Pricing Advice?  On Whose Authority?

how to price photographyPut your hands over your ears and yell “La-la-la-la-la-la  I can’t  hear you!” when someone tries to tell you the numbers you should be using for prices.  Only YOU can come up with these numbers.  No one can claim to have one solution or method to create a booming business.  Here’s why:

  • Only YOU know your market.  I love it how a photographer in Washington DC advises someone in the middle of Wyoming how they should price or vice versa.  No.  No, just stop.  These markets are COMPLETELY different and so is the cost of living.  Years ago, a photographer from the Midwest came out to the East Coast, and she was good – beautiful work – and she was booking workshops and more workshops.  Well, new photographers would be all wide eyed and ask her what she charged even though her workshops were about the art, not business.  She told them she was charging $500 and including all the digital images.  New photographers out this way compared themselves to her and started charging even less than that not feeling worthy of her talent, so how could they charge as much as her; however, the industry standard in the area at the time was around $2,000-3,000 for all the digital images no matter the talent or experience.  We all needed to pay our mortgages.  This is how the race to the bottom begins.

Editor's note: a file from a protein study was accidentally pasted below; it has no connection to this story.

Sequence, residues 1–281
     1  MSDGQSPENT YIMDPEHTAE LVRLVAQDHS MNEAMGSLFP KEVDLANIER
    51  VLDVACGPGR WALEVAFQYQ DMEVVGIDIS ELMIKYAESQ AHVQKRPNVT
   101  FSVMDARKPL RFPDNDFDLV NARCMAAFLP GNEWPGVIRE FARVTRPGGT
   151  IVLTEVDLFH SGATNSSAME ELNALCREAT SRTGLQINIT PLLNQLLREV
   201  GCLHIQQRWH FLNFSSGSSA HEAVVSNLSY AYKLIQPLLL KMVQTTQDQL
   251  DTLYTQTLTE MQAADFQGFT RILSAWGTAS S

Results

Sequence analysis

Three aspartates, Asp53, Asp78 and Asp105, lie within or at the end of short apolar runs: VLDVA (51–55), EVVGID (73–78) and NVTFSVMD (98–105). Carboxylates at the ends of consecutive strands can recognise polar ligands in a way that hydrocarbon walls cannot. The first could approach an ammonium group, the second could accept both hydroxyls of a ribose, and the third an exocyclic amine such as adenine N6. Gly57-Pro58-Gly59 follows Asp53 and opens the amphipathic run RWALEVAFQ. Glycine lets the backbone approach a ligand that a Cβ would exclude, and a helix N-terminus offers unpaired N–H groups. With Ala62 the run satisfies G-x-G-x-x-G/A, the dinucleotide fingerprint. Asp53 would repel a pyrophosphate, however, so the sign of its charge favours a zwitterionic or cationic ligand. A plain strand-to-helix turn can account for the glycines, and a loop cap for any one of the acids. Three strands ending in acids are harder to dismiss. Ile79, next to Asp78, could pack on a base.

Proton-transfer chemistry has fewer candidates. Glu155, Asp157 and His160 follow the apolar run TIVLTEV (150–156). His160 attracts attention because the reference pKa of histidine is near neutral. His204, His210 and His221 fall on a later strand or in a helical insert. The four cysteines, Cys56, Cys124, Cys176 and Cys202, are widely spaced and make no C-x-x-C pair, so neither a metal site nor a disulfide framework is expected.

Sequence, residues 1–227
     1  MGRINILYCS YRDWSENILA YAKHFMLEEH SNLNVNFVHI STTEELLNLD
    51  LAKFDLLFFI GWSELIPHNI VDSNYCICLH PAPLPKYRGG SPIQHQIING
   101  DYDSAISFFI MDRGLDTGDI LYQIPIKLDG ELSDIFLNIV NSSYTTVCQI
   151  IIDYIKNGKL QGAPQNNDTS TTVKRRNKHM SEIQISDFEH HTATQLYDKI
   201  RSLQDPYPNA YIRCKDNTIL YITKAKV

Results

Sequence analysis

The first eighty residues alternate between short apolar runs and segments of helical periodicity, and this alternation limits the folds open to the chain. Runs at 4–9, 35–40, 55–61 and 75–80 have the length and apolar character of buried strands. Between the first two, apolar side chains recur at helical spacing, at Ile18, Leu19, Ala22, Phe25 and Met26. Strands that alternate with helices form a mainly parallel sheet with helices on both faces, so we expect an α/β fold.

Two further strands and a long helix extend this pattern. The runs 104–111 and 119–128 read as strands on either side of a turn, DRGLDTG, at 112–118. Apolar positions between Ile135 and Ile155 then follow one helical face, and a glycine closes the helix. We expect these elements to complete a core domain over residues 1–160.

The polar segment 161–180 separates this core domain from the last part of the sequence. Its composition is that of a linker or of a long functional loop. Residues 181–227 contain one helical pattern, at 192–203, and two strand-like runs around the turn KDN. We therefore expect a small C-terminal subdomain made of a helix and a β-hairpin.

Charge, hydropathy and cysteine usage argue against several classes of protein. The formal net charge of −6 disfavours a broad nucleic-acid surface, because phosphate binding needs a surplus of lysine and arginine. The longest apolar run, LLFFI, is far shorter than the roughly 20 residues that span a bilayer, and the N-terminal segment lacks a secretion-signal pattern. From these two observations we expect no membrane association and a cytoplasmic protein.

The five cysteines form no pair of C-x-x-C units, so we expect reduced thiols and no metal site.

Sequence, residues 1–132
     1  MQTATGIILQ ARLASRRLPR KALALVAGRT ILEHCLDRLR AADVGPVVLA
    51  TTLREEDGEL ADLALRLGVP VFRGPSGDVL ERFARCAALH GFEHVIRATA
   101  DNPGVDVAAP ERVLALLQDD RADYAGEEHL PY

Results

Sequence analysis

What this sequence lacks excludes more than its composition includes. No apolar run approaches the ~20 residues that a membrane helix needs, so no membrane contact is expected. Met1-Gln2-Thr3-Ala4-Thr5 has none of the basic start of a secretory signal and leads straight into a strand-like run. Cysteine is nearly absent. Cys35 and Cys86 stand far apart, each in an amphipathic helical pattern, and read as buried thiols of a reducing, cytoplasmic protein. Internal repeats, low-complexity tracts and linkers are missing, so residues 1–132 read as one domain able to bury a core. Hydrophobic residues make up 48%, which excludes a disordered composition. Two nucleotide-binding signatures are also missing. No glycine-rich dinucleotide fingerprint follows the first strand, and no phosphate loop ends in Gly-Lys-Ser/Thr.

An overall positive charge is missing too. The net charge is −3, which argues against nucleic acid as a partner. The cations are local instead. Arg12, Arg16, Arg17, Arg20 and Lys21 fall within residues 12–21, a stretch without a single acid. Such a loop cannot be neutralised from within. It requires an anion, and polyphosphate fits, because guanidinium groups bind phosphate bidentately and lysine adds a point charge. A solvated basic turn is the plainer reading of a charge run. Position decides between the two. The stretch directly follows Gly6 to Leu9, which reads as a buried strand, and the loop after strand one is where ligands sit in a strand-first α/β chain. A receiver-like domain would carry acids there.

• Only YOU know your target market.  How can a photographer whose target market is the elite tell someone whose target is middle market how to price?  They can’t.  How can a photographer who lives in the relaxed South claim that a photographer in a busy metro area is doing a disservice to themselves if they are not doing IPS (In Person Sales).  You aren’t navigating the same markets at all.  Some markets in metro areas will not support IPS because they don’t want to sit in traffic for yet another 2 hours to meet with you.  They want to sit at their desk late at night and place an order after dinner because they want to spend any free time they have with their family, not running yet another errand.
  • Only YOU know what you need as a salary to live comfortably.  This goes with areas, cost of living, lifestyle, and your personal bills or debt.
  • Only YOU know how much or how little you want to work.  
  • Only YOU know your expenses based on your business structure.   There is nothing wrong with having a low price, mass production model.  There is nothing wrong with having a high priced boutique exclusive structure.  However, no one can tell you which one to choose.  This is YOUR decision.

On to Part 2 – How to Price Photography in Six Steps

Jodie Otte

Jodie Otte

Maryland Newborn & Baby Photographer

Jodie was the first visible specialized newborn photographer in the Greater Baltimore area.  She has been a newborn photographer for over 15 years and  has been a big voice thorughout the photography industry regarding best business practices and baby safet.  Fine her newborn portfolio here and full bio here .